Parka, a female beaver, is PC's mascot.[17] A series of animated shorts starring her are hosted on the organization's website and have also been aired on television as interstitials.

See also


  1. ^ a b "Parks Canada Agency Annual Report, 2003–2004". Parks Canada. Archived from the original on May 9, 2006. Retrieved July 18, 2006. 
  2. ^
  3. ^ Irish, Paul (May 13, 2011). "Parks Canada celebrates a century of discovery". Toronto Star. Retrieved May 18, 2011. 
  4. ^ "Free Parks Canada passes costing $5.7 million". Retrieved 9 January 2017. 
  5. ^ a b c Hildebrandt, Walter (1995). "Historical Analysis of Parks Canada and Banff National Park, 1968–1995". Banff-Bow Valley Study. 
  6. ^ "Prime Minister announces changes in the senior ranks of the Public Service". Office of the Prime Minister. May 15, 2007. 
  7. ^ "CEO's Message". Parks Canada. Archived from the original on February 6, 2007. Retrieved July 18, 2006. 
  8. ^ full text of "Parks Canada Agency Act"
  9. ^ full text of the "Heritage Lighthouse Protection Act" (S.C. 2008, c. 16)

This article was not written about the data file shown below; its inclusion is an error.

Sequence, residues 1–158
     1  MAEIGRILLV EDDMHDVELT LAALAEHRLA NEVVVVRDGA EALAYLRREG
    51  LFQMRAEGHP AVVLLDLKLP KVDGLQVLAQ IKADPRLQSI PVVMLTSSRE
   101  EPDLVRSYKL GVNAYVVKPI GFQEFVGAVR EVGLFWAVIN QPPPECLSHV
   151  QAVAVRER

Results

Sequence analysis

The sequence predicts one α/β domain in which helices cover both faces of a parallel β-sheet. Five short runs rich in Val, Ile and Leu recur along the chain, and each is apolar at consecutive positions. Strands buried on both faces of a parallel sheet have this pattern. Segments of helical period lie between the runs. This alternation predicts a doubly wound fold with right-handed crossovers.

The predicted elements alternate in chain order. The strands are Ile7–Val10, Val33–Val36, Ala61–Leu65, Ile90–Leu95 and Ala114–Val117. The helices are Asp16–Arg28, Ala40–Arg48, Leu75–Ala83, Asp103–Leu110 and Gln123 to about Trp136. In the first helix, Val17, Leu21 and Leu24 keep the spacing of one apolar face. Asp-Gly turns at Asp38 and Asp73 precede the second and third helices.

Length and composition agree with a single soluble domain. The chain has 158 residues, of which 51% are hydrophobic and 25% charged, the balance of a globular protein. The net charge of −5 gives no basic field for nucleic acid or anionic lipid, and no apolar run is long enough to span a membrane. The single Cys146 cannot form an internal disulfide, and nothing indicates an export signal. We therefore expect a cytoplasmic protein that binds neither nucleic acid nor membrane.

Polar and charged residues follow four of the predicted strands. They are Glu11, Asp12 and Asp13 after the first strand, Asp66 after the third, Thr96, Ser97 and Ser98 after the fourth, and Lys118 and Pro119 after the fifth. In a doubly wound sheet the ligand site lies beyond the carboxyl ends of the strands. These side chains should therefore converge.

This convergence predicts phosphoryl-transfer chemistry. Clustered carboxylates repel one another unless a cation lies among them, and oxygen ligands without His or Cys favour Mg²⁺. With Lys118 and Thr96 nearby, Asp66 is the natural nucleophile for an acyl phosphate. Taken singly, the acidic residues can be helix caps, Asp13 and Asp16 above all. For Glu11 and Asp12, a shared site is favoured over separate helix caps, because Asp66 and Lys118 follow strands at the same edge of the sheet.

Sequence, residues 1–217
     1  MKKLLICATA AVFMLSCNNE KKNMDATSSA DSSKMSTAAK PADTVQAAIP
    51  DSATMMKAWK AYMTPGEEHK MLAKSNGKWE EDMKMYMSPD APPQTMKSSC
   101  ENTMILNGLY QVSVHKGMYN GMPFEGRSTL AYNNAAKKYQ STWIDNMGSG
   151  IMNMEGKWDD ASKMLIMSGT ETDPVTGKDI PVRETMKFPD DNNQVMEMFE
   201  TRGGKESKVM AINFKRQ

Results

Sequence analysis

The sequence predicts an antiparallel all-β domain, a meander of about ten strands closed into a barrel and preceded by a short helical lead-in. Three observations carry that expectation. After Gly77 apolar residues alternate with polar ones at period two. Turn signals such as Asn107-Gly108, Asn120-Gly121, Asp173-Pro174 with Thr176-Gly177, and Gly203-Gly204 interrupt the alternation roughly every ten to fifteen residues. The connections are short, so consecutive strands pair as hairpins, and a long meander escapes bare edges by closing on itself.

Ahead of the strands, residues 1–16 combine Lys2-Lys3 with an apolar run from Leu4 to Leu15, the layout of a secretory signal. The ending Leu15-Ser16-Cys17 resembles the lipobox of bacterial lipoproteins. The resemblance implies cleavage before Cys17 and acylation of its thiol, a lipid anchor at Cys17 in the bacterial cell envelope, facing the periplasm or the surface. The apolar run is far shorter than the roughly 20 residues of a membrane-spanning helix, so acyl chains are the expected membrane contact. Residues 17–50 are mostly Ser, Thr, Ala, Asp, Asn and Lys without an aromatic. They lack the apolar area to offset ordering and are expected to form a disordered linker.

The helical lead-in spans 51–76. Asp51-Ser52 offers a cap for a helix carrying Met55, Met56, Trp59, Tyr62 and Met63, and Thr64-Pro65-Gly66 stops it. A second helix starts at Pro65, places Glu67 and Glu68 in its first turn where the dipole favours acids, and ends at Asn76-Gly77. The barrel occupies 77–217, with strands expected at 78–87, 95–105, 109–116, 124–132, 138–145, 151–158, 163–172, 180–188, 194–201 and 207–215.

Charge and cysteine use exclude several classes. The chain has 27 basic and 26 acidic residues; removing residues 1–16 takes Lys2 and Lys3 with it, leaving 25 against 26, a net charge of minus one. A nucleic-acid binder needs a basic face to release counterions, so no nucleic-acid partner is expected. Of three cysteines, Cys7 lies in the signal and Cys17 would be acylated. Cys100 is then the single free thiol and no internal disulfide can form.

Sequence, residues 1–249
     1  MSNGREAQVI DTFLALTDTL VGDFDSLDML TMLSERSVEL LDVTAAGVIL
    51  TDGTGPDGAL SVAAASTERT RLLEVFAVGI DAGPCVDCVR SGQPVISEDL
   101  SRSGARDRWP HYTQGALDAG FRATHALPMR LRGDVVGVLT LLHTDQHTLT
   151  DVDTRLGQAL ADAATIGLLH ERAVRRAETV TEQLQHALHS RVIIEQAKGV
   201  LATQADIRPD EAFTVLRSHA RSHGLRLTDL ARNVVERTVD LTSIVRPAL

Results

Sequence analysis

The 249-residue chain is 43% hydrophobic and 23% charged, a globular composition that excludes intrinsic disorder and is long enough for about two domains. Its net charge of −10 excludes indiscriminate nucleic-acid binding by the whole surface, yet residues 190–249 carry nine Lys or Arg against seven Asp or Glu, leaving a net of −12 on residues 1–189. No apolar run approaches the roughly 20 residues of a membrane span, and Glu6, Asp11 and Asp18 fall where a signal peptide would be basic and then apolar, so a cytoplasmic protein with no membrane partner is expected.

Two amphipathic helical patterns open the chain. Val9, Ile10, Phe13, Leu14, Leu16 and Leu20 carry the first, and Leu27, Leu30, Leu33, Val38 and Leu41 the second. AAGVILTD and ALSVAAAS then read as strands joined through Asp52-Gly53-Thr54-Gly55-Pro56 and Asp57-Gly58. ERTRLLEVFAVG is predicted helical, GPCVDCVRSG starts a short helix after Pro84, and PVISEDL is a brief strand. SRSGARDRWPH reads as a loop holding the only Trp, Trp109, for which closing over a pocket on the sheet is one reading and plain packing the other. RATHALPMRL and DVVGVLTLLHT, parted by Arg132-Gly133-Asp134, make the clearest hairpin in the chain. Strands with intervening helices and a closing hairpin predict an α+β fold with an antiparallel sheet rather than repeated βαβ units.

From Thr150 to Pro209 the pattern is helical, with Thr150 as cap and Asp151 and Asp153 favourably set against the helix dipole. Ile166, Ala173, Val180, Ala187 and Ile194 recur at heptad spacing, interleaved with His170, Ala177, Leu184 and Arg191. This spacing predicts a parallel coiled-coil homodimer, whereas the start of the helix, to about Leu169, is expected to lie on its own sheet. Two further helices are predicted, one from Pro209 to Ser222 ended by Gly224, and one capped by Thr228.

10. ^ full text of "Historic Sites and Monuments Act" (R.S.C., 1985, c. H-4)
  11. ^ "Heritage Railway Stations Protection Act" (R.S.C., 1985, c. 52 (4th Supp.))
  12. ^ full text of "Historic Canals Regulations" (SOR/93-220)
  13. ^ Jobs at Parks Canada Archived June 5, 2011, at the Wayback Machine.
  14. ^ National park wardens to get sidearms in 2009 Archived June 12, 2008, at the Wayback Machine.
  15. ^ "Wardens may extend expertise outside parks - Local News - Rocky Mountain Outlook". 
  16. ^
  17. ^


  • Campbell, Claire Elizabeth, ed. Century of Parks Canada, 1911–2011 (University of Calgary Press, 2011), 447pp; essays by experts that trace the history of the agency
  • Hildebrandt, Walter. Historical Analysis of Parks Canada and Banff National Park, 1968–1995 (1995)
  • List of legislation for which Parks Canada is responsible
  • Lothian, W.F. "A History of Canada's National Parks" Volumes I-IV (Ottawa: Parks Canada, 1976-1986)
  • Lothian, W.F. "A Brief History of Canada's National Parks" (Ottawa: Environment Canada, 1987)
  • Lothian, W.F. "Histoire des parcs nationaux du Canada" Volumes I-IV (Ottawa: Parcs Canada, 1977-1983)
  • Lothian, W.F. "Petite histoire des parcs nationaux du Canada" (Ottawa: Environment Canada, 1987)

External links

  • Official website
  • Parks Canada's channel on YouTube
  • Park Information about Canada's ecozones
  • National Park Warden Association
  • Parks Canada Players
  • 100 Years of Parks Canada, National Film Board of Canada website
  • Claire Campbell, ed., A Century of Parks Canada, 1911–2011, Free eBook
  • Parks Canada article in the Canadian Encyclopedia
  • National Parks of Canada Electronic Library

Coordinates: 45°25′32″N 75°43′14″W / 45.425503°N 75.720423°W / 45.425503; -75.720423